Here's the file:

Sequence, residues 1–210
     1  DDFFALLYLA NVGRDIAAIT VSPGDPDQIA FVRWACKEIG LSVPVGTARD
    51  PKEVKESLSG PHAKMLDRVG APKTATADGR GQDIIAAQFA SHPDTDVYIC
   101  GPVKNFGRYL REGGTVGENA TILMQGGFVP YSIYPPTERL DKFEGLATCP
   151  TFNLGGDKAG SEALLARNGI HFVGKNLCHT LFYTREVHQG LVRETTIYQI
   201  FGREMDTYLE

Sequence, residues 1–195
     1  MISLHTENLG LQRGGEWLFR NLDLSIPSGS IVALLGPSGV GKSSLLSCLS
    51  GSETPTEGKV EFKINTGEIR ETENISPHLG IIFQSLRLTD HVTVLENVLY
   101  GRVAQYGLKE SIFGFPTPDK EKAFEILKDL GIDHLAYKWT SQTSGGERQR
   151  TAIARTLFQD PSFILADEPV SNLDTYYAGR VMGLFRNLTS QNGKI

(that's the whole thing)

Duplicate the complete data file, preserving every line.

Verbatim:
Sequence, residues 1–210
     1  DDFFALLYLA NVGRDIAAIT VSPGDPDQIA FVRWACKEIG LSVPVGTARD
    51  PKEVKESLSG PHAKMLDRVG APKTATADGR GQDIIAAQFA SHPDTDVYIC
   101  GPVKNFGRYL REGGTVGENA TILMQGGFVP YSIYPPTERL DKFEGLATCP
   151  TFNLGGDKAG SEALLARNGI HFVGKNLCHT LFYTREVHQG LVRETTIYQI
   201  FGREMDTYLE

Sequence, residues 1–195
     1  MISLHTENLG LQRGGEWLFR NLDLSIPSGS IVALLGPSGV GKSSLLSCLS
    51  GSETPTEGKV EFKINTGEIR ETENISPHLG IIFQSLRLTD HVTVLENVLY
   101  GRVAQYGLKE SIFGFPTPDK EKAFEILKDL GIDHLAYKWT SQTSGGERQR
   151  TAIARTLFQD PSFILADEPV SNLDTYYAGR VMGLFRNLTS QNGKI